a selected set of contrast statements to compare the models at BHN = 210. These
contrast statements are identical to those in Table 5.20, except that both TRT and
BHN*TRT are included. The coefficients of BHN*TRT depend on the value of
BHN, unlike the contrasts in Table 5.21. The results of the contrasts for BHN = 210
and 280 are in Table 5.24. There is evidence that the depth models are different at
BHN = 280 and the speed models are different at BHN = 210. Table 5.25 contains
the PROC GLM code to fit an effects model for both the intercepts and the slopes.
Table 5.25 contains the Type I sums of squares, while the Type II, Type III, and
Type IV sums of squares are in Tables 5.26 through 5.28. There are four different
sums of squares for Speed, Depth, and BHN*Speed. There are three different sums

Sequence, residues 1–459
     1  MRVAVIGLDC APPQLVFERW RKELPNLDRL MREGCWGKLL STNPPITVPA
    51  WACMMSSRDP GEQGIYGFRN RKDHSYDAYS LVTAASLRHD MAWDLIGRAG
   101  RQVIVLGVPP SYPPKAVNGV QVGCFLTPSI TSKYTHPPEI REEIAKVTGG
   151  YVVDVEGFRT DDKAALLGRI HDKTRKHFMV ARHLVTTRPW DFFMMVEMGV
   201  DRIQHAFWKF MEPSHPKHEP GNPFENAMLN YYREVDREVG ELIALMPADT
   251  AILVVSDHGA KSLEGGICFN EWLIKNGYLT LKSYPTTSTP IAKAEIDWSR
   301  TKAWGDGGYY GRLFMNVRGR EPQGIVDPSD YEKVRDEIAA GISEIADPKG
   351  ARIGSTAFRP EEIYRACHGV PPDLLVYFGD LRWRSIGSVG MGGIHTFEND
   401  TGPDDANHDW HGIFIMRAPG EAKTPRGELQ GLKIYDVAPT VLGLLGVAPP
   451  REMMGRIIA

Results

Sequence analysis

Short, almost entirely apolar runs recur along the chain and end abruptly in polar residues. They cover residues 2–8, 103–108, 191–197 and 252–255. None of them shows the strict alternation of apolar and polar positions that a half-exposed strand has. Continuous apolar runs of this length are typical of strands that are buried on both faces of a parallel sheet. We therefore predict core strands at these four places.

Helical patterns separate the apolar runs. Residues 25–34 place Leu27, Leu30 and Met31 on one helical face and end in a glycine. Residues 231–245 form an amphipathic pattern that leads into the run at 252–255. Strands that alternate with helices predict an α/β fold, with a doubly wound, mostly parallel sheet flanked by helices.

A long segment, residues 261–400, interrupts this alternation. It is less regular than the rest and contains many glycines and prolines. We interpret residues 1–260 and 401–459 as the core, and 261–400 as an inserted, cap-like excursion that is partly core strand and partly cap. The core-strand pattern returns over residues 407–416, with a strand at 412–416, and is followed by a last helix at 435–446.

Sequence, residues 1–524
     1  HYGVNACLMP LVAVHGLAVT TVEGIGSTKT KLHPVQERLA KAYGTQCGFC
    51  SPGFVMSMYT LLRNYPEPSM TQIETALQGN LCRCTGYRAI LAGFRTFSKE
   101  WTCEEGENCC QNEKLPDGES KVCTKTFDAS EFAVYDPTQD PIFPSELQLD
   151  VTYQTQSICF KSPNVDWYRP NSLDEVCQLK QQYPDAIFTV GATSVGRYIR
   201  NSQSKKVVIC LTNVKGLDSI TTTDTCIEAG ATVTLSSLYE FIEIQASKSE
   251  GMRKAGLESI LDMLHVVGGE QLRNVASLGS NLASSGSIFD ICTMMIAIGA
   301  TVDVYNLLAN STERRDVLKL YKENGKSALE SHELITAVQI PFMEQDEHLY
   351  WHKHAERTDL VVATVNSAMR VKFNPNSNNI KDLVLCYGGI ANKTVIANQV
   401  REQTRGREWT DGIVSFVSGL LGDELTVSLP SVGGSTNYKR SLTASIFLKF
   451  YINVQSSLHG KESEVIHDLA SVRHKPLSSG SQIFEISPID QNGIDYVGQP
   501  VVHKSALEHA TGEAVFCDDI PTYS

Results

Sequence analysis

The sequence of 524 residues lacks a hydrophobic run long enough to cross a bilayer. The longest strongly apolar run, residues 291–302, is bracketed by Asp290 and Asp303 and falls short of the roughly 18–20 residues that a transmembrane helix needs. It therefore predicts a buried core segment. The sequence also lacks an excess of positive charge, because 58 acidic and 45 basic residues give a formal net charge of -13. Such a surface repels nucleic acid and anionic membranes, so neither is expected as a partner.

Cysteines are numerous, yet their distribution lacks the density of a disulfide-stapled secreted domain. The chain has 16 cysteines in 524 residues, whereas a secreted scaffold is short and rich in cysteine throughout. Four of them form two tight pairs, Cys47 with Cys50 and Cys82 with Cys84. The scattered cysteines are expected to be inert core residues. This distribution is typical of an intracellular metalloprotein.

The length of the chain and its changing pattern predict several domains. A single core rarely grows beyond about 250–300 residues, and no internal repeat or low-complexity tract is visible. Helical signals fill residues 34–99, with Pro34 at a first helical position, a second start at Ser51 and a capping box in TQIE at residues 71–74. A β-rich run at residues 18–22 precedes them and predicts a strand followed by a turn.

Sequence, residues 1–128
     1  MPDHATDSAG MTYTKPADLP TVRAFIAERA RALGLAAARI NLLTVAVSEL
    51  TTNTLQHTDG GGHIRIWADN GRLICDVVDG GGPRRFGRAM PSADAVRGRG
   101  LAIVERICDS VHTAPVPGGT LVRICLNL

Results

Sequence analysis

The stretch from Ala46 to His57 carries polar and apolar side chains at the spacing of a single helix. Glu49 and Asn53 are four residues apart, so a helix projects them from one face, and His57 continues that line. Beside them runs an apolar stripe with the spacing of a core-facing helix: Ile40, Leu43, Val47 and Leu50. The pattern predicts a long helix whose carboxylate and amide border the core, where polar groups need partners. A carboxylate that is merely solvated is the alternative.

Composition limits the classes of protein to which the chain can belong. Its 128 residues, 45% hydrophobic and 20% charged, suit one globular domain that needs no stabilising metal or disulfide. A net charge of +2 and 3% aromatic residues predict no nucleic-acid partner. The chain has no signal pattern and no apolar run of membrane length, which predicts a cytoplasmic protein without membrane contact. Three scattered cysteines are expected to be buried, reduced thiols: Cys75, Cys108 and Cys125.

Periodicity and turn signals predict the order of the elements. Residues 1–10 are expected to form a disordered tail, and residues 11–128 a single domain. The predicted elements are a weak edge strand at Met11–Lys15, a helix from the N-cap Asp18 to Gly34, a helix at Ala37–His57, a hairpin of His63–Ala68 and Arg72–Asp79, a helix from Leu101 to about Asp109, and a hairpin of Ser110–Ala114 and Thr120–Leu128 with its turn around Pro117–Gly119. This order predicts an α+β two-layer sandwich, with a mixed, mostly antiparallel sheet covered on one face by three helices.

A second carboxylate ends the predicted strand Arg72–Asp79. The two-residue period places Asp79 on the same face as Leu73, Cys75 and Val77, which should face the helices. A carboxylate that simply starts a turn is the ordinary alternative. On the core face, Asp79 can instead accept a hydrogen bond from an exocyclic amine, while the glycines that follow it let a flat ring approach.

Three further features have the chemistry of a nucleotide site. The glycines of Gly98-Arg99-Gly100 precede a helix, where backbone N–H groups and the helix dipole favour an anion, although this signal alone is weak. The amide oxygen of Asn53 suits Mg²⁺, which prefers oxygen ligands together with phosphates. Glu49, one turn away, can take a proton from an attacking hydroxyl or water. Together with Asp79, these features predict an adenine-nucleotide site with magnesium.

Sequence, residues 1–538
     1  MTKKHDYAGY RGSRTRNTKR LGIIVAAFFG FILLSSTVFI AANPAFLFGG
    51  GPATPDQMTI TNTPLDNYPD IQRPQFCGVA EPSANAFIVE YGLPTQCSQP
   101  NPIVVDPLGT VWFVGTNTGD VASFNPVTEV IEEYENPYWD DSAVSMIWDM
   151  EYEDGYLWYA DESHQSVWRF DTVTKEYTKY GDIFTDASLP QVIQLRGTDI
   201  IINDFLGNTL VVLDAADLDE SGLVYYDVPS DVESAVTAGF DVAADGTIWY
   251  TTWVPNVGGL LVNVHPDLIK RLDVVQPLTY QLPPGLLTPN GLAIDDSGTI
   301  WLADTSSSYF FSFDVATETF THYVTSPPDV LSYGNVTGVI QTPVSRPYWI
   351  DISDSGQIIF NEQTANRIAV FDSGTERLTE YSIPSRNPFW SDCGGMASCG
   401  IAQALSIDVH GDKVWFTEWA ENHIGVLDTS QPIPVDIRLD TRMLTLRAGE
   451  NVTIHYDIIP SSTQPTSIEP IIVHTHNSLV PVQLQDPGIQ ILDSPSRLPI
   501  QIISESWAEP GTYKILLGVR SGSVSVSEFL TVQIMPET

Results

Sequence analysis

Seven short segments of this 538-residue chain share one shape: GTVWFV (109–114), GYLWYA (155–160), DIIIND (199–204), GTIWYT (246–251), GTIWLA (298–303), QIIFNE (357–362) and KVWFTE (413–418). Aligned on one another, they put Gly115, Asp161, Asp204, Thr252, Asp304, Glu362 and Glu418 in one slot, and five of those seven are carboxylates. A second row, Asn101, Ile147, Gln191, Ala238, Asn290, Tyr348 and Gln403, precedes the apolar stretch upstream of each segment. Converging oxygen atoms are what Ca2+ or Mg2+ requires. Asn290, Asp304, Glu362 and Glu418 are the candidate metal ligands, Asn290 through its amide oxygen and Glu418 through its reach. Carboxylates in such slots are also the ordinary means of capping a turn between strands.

of squares for BHN and BHN*Depth. There are two different sums of squares for
Speed*Depth, and there is one sum of square for BHN*Speed*Depth. When there
is more than one sum of squares for a given effect, then more than one hypothesis
is being tested about that effect. Chapter 14 of Milliken and Johnson (1992) presents
a detailed discussion of the hypotheses being tested. The general form of the estimable function is in Table 5.29. The most important aspect of this table is that the
general form of the estimable function for the intercepts is identical to the general
form of the estimable function for the slopes and thus would be the general form
of the estimable function for the models evaluated at a specific value of BHN. Since